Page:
of­ten non- ex­is­tent, trails in pitch dark to get back to Jogi. “Pak­ista­nis and pan­thers aren’t the only dan­gers here,” says Rakesh Ku­mar. The 28- year- old se­poy, who took a 200 ft tum­ble af­ter a wrong step on the way home, is nurs­ing a deeply- gashed shin and mul­ti­ple bruises on his torso. “I man­aged to grab some bushes, oth­er­wise I’d be on my way home to Mathura in a dibba ( box),” he grins sheep­ishly. Ku­mar was for­tu­nate he did not trig­ger one of the thou­sands of anti- per­son­nel mines spread across the moun­tain­sides.

Back at the post, the boys at­tend a manda­tory de­brief­ing ses­sion be­fore they can in­dulge in the lux­ury of a brief wash to rid them­selves of sweat and face- paint. Wa­ter, pumped from a moun­tain spring at the base of the 9,000- ft- high Karachi Tip, a Pak­istani post, is scarce. “If you’re lucky you’ll find the time and a bucket of luke­warm wa­ter for a bath ev­ery fifth day,” says Lance Naik Jabeer Ali. He doesn’t mind; he’s used to worse wa­ter short­ages in his vil­lage Bhaaru in Ra­jasthan’s Jhun­jhunu dis­trict. Gre­nadier Vir Ba­hadur, 20, joined the

pal­tan ( bat­tal­ion) this Jan­uary. He has spent the past eight months in a sub­ter­ranean bunker man­ning a medium ma­chine gun with its sights set on Pak­istani posts on the other side of a deep gorge cut by a tur­bu­lent trib­u­tary of the Neelum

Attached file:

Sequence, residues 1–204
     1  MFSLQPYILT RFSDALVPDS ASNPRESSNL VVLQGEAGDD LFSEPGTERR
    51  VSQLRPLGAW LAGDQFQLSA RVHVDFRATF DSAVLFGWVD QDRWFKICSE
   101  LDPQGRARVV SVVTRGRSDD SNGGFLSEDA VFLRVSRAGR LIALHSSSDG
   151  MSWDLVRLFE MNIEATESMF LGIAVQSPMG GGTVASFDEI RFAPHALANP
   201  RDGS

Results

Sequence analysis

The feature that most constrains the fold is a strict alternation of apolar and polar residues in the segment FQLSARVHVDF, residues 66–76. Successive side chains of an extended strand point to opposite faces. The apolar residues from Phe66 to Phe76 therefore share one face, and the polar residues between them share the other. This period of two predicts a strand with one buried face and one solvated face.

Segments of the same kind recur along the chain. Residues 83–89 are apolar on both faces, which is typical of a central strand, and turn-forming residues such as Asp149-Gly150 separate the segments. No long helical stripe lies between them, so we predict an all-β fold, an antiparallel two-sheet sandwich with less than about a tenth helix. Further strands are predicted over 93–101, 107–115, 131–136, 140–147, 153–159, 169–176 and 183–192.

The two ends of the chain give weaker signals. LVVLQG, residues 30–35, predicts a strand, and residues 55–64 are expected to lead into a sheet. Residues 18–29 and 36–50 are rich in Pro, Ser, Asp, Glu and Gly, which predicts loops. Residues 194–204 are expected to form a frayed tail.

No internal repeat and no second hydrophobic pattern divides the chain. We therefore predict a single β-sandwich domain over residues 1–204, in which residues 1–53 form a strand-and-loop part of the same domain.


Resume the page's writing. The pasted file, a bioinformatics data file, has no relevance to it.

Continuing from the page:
A break­fast of hot poories with bhaji or chhole, fol­lowed by a ses­sion on the car­rom or ludo board are the only lux­u­ries at the for­ward post.

river as it briefly fords the LOC into In­dia near Pak­istan’s Naush­eri vil­lage. Still shy of a de­cent stub­ble on his chin, the young­ster shares the soggy un­der­ground with a mil­lion mil­li­pedes. The in­sects in­fest ev­ery inch of the 400 m- long maze of tun­nels that con­nect the bat­tal­ion’s op­er­a­tions room with a pro­fu­sion of steel­re­in­forced pill­boxes. One has to crouch re­ally low, but the pain is well worth it as Pak­ista­nis can’t see you.

Pro­tected from enemy eyes by the moun­tain they hold, the men can stand down and oc­ca­sion­ally re­lax— a break­fast of hot poories with bhaji or chhole, fol­lowed by an in­tense stand­off on the car­rom board. The manoran­jan kaksh

( recrea tion room) at Jogi may be ba­sic but they love it— a flat screen TV with a cable con­nec­tion and a set of ludo and snakes & lad­ders. The some­what- lim­ited se­lec­tion of read­ing ma­te­rial in­cludes dog- eared ti­tles of Dhan­waan kaise bane,

Gun ka faisla, and Ti­ranga phaer­ayenge Pak­istan mein.

“This is lux­ury,” says Naik Sub­hash, 35, who spent sev­eral months with a pla­toon at Kela, a for­ward post at 9,200 ft that gets snowed un­der and cut off for more than four months ev­ery win­ter. An ar­du­ous, six- hour climb from Jogi, the post is a sim­i­lar maze of steel- cov­ered trenches and bunkers, from which sol­diers never stick their head over

Sol­diers take turns at keep­ing watch at Jogi, an In­dian post on the LoC hemmed in by Pak­istan on three sides

A gre­nadier cov­ers his com­rades as they pre­pare to exit a for­ward bunker in J& K’s Teet­wal sec­tor

Sol­diers re­turn to their post on the LoC af­ter a night mis­sion search­ing for


Sol­diers of the Gurkha reg­i­ment catch up on news from home dur­ing a brief respite from gru­elling moun­tain pa­trols